GRTC drives starting pay by 43 percent

Jeremy M. Lazarus | 4/20/2023, 6 p.m.
GRTC boosted starting pay for bus drivers by a whopping 43 percent, effective immediately, with double-digit increases for most current ...

GRTC boosted starting pay for bus drivers by a whopping 43 percent, effective immediately, with double-digit increases for most current drivers as well.

Seek- ing to end a persistent driver shortage, the transit company’s board endorsed CEO Sheryl Adams’ proposal to immediately jump starting pay from $17.43 an hour to $24.91 an hour, a $7.48 an hour increase that translates into $300 more in weekly wages.

As approved by the board, those who are in training will be paid $21.98 an hour for the first six months, or $879.20 per week before taxes. Once they leave probation status after six months, drivers will see an immediate increase of nearly $3 an hour, rising every six months. A GRTC chart shows that after 24 months, their pay will increase nearly $8 per hour to top pay.

Ms. Adams’ plan, as approved, increased top pay by $2.50 an hour to $29.41, a 9 percent increase, and cut the period for reaching the top of the pay range from five years to two years.

For those at top pay, the hike in the hourly rate represents a $5,228 increase in yearly pay for a 40-hour work week. The new pay rate means bus drivers will earn $61,200 a year before taxes. Before the pay hike, top pay was $26.91 an hour, translating to $55,972 annually before taxes for full-time drivers.

“My goal is to ensure we are a company that supports a strong quality of life for our employees while providing equitable transportation options for the region,” Ms. Adams said in announcing the pay boost.

The pay boost also impacts mechanics and other GRTC employees whom Local 1220 of the Amalgamated Transit Union represents. The pay boost is projected to cost GRTC $1.2 million in the current fiscal year that will end June 30, according to spokeswoman Ashley Mason.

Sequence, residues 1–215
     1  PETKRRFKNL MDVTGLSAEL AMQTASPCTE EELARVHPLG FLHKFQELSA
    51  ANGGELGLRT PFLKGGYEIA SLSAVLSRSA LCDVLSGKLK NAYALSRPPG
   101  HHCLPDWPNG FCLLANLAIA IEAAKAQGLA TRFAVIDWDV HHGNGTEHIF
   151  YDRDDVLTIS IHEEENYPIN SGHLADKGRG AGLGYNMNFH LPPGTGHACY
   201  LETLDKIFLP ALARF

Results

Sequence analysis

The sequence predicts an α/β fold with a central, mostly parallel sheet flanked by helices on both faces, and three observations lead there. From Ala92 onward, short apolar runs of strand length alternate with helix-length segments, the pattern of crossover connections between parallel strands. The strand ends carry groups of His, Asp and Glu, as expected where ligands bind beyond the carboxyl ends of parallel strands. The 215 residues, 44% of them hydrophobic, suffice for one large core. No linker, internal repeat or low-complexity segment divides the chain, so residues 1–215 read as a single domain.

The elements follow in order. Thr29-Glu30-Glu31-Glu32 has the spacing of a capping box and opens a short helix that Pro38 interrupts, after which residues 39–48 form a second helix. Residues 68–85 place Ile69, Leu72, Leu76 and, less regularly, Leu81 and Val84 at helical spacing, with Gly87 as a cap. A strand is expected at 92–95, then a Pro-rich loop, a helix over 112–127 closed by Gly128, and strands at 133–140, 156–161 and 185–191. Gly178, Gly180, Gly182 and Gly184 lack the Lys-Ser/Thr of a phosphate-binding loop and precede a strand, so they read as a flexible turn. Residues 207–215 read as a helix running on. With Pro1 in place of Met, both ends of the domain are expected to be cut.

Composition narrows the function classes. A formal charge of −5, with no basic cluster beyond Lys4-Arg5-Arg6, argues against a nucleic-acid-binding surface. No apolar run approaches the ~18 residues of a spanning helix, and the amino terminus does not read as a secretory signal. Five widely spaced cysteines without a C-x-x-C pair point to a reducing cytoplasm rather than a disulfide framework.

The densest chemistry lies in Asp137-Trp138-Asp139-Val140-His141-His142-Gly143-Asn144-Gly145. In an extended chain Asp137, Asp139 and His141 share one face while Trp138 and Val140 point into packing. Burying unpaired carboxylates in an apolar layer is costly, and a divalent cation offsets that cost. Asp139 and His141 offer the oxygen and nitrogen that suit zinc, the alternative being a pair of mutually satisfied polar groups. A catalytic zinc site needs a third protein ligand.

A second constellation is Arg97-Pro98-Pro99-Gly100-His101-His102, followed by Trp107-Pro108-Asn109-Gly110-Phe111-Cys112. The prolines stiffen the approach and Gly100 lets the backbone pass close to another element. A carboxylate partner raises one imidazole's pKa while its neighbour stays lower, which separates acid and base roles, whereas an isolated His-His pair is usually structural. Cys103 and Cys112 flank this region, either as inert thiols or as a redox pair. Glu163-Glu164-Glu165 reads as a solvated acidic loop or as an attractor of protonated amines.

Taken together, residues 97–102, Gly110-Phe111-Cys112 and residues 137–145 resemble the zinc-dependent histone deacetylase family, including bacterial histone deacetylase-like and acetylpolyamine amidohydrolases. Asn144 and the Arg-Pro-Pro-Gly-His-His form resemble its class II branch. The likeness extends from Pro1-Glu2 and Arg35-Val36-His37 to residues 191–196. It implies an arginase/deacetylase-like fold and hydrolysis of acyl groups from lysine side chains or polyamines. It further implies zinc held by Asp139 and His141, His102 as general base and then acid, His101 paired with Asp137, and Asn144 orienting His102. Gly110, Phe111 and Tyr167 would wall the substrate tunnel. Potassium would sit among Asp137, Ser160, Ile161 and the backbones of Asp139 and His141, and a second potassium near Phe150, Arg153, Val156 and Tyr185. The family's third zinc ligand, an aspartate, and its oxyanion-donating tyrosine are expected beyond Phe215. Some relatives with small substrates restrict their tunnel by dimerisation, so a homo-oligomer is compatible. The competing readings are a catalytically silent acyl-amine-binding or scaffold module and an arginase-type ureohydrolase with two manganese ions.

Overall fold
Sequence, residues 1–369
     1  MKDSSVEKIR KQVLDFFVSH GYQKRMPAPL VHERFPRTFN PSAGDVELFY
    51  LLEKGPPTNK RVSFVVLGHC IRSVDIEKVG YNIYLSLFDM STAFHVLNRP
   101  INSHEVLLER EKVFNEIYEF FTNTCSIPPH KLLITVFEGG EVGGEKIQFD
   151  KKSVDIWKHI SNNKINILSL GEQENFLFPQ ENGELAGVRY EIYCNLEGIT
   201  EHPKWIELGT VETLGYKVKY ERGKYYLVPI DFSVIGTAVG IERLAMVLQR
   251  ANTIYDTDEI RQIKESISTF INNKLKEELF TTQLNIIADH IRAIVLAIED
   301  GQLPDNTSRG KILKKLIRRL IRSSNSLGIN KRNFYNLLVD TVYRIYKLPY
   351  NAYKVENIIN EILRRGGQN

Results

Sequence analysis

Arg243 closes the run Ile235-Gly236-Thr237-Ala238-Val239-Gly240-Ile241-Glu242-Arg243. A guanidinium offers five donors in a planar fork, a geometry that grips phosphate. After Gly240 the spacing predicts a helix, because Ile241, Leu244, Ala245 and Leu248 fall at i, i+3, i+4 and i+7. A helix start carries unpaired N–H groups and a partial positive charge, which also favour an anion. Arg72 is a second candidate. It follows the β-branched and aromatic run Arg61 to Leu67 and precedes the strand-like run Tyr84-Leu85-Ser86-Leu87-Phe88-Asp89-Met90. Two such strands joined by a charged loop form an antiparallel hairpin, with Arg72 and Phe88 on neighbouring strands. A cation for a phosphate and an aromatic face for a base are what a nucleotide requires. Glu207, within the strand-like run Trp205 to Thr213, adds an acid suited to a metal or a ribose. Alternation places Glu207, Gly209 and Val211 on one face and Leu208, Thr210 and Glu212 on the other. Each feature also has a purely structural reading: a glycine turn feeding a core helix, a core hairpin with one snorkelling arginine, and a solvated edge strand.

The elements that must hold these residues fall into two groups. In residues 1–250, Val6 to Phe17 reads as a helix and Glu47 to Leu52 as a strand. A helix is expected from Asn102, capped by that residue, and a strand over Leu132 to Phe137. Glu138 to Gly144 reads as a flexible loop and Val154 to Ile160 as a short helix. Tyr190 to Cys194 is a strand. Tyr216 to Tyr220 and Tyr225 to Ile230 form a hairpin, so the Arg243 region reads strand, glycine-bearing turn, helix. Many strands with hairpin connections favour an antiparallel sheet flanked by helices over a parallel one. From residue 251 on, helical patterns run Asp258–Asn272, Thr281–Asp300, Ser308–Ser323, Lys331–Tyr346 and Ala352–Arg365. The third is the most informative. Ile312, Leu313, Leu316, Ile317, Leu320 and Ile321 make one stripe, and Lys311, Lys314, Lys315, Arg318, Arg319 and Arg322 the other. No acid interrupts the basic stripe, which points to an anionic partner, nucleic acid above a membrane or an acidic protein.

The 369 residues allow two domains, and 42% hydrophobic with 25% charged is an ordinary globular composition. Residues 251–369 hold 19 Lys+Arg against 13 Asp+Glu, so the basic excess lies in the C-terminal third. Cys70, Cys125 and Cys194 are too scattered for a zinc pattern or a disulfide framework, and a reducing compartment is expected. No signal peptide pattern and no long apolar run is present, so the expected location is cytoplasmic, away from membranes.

The pay raise, though, does not affect Care Van drivers, who are now in contract negotiations with National Express Transit, which took over operation of GRTC’s paratransit operation in October. The company increased top pay around $2 an hour to $19.25 an hour then, according to the local.

GRTC Board President Tyrone E. Nelson said the approval of the new pay plan for the bus drivers reflects the board’s efforts to ensure that GRTC is making “the right business decisions that allow the company to remain competitive and provide reliable transportation for the region.”

GRTC, despite holding twice monthly trainings, continues to struggle to fill approximately 50 vacancies.

The company has set a goal of having 285 full-time drivers, but currently only has 234 full-time and 28 part-time drivers. While 16 people are in training, GRTC has been shedding drivers almost as fast, forcing the company to either reduce service or require remaining drivers to work overtime.

Local 1220 President Maurice A. Carter called the pay boost a clear win for employees, the company and for riders who depend on the service.

“We are proud that we were able to reach this agreement that supports our front line employees,” he said. “This is a step in the right direction to bring GRTC back to its glory days where front-line employees felt valued.”